The Washington Post has announced news that the first genetically modified, non-browning apples are slated to go on sale in the US as early as next month.
Known as the "Arctic Apple", the first commercially available crop of such apples will be sold sliced in 10-oz bags as a convenience snack food from 1 February, probably in a small selection of Midwestern grocery stores.
Browning of apple flesh usually occurs naturally when exposed to the open air due to a chemical reaction initiated by an enzyme called polyphenol oxidase (PPO). The Arctic Apple website explains that "scientists knew the best way to make non-browning apples was to reduce their PPO content" by essentially "turning off" that responsible gene.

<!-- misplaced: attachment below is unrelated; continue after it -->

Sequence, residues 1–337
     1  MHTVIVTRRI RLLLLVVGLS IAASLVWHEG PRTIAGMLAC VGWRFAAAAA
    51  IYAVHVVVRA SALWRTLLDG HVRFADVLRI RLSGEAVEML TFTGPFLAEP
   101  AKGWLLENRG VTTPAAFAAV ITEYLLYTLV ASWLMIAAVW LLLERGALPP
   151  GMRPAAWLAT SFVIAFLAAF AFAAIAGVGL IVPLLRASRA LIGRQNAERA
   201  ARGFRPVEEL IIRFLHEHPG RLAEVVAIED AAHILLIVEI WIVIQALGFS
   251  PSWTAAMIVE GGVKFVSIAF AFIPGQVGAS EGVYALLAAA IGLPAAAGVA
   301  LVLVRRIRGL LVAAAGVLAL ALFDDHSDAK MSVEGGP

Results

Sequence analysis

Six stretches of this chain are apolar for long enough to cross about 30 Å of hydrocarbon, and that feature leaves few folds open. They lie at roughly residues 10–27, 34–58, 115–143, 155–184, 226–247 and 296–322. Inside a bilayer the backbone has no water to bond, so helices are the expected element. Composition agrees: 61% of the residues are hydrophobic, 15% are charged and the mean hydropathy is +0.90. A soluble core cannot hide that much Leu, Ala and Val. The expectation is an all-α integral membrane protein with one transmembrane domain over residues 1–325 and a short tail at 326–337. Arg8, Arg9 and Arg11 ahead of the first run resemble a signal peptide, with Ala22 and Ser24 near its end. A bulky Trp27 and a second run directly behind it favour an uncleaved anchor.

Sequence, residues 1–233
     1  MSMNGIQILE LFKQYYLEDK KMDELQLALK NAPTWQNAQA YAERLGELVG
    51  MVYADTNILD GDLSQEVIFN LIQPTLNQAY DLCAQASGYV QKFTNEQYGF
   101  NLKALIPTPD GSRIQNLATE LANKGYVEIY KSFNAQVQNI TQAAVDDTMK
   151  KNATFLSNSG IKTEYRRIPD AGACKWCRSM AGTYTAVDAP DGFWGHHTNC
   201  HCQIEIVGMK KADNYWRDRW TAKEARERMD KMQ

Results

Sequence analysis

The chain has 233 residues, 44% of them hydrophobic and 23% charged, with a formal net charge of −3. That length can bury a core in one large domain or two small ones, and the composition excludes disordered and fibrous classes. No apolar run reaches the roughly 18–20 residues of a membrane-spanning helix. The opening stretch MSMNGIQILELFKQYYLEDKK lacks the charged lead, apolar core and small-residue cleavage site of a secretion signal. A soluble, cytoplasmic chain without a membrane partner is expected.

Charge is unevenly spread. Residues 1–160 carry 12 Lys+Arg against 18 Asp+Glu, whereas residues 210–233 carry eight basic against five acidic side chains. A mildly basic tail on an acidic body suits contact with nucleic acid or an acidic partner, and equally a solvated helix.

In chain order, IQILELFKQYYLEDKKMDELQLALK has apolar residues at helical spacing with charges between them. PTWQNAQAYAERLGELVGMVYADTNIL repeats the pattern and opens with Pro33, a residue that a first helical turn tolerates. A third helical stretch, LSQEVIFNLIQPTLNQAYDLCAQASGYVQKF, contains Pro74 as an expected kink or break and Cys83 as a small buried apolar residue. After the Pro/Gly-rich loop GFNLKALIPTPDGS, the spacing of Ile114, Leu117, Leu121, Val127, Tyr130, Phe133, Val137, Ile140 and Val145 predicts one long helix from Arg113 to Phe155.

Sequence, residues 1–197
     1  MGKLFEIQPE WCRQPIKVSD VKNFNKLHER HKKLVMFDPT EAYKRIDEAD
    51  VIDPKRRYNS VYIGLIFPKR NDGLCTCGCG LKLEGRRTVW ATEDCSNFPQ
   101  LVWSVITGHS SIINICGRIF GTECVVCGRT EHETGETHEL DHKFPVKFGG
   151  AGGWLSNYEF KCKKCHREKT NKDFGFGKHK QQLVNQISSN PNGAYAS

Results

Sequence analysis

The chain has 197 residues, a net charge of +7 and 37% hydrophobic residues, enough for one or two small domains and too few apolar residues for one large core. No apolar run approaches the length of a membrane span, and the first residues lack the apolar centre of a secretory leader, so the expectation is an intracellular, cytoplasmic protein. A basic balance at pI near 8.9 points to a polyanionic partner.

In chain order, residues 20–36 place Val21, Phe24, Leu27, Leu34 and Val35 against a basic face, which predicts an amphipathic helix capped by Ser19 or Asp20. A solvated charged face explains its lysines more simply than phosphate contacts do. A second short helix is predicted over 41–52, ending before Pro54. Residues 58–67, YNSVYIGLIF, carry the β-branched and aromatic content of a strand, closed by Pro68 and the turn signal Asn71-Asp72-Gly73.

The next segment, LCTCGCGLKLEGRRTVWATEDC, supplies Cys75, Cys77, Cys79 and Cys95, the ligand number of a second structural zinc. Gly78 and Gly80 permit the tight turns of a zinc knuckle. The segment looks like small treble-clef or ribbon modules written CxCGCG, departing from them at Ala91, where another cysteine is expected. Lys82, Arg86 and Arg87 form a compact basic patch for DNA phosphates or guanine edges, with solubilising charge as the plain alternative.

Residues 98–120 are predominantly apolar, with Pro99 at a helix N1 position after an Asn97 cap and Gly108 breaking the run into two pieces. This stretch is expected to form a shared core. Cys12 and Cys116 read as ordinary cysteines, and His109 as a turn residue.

The Washington Post also notes that Artic Apples would be one of the first GMOs marketed directly to consumers hinged on the "convenience" factor whereas genetic modifications have in the past been mainly "defended" as a way to protect crops.
The team at Don Julio have taken over an unloved corner of Buenos Aires. Organic produce harvested at the community-focused urban garden Huerta Luna de Enfrente will exclusively benefit local soup kitchens. Read on for the full story.